‘At eleven o’ clock we stand beside our desks in the dustmotes of the weak November sunshine for the three minutes of silence… I keep my eyes closed, trying to feel pious and sorry for the dead soldiers, who died for us, whose faces I can’t imagine’
(Atwood, 1990, 107)
There is an inherent insufficiency in this institutional form of remembrance. Elaine and her school friends are taken out of their regular school day, and expected to ‘remember’ a historical period in which they had no active participation. This abstraction and forced remembrance reflects a mode of social memory discussed by the sociologist Maurice Halbwachs in his work On Collective Memory. This collective memory is created through the association between individuals, groups and institutions within a given society. This is especially seen in the case of historical memory, which the person at hand ‘does not remember directly’; this sense of the past is almost solely created by artefacts and commemoration, such as the Remembrance Day ceremonies, physical monuments, and art (Coser, 1992, 24). This essay will attempt to engage with the creation and perpetuation of the social memory of the First World War, reflected in the war poetry of Siegfried Sassoon, and will question whether the traditional, external forms of social memory are adequate.
Siegfried Sassoon’s war poetry is distinct from his contemporaries in approach and style. Whereas others such as Brooke, Sorley and Owen would write in an easily discernable highly poetic form, Sassoon’s more famous poems featured a straight-forward, satirical technique. This has led to Sassoon’s poetry being characterised as ‘realistic, anti-war, anti-heroic… direct, angry’ (Caesar, 1993, 61) and ‘hard, clear, sharply defined, rather than suggestive’ (Bergonzi, 1981, 192). However, it is worth noting that, after the war had ended, the tone of Sassoon’s poetry changed. Indeed, anthology editors such as Stephen mark their ‘shock’ of finding a ‘softer, more elegiac’ mode of expression in Sassoon’s post-Armistice work (1988, 300). Stephen also highlights an anxiety in this elegiac tone, where the satirical verve of Sassoon’s earlier poems, such as ‘The General’ or ‘They’, is replaced by a need for effective and consistent remembrance of the horrors of the Great War. The chapter in his anthology, Never Such Innocence, which collates post-war writing, is called ‘Will they remember? After’ (1988, 297). This is interesting, especially in Sassoon’s case, as the focus moves away from the expression of the realities of trench experience for either personal ‘working through’ or socio-political statement, and moves towards the construction of retrospective social memory.
In these post-war poems, Sassoon presents an argument against the abstraction, distance and mollifying effect that are granted by time and memory. Indeed, these issues are personal, but Sassoon uses strategies to give these concerns macrocosmic relevance. This is particularly seen in his poems of 1928, although his 1920 poem, called ‘Aftermath’, contains elements of his previous confrontational style:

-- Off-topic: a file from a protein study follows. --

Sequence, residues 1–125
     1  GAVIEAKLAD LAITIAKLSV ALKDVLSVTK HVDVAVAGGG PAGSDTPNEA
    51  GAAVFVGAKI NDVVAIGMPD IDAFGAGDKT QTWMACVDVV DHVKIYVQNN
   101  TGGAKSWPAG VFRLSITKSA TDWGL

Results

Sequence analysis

HAVE you forgotten yet?...
For the world’s events have rumbled on since those gagged days,
Like traffic checked while at the crossing of city-ways:
And the haunted gap in your mind has filled with thoughts that flow
Like clouds in the lit heaven of life; and you’re a man reprieved to go,
Taking your peaceful share of Time, with joy to spare.
Do you remember the rats; and the stench
Of corpses rotting in front of the front-line trench—
Do you ever stop and ask, ‘Is it all going to happen again?’
Have you forgotten yet?...
Look down, and swear by the slain of the War that you’ll never forget.
(Sassoon, 1988, 311-2)
In this short extract there are many facets of ‘memory’ on display. There is, like in other Sassoon poems, the tension between personal experience and the wider society’s conscience. However, this notion of forgetting replaces the satirical commentary with an anxiety that, as time moves on, the experience and loss of the Great War would not be remembered and would be rendered irrelevant or intangible. Sassoon attempts to regain a connection with the experience through references to ‘the rats… the stench… corpses rotting in front of the front-like trench’. He also proposes that the act of remembering the war as a political event, as well as the atrocities committed, is the burden of the surviving population. The line ‘Do you ever stop and ask, “Is it all going to happen again?’” is strangely prophetic, and suggests that there is a lesson to be learned from the Great War. The trauma of the First World War should not be suppressed and forgotten; a process of remembering and working through would be beneficial to society as a whole.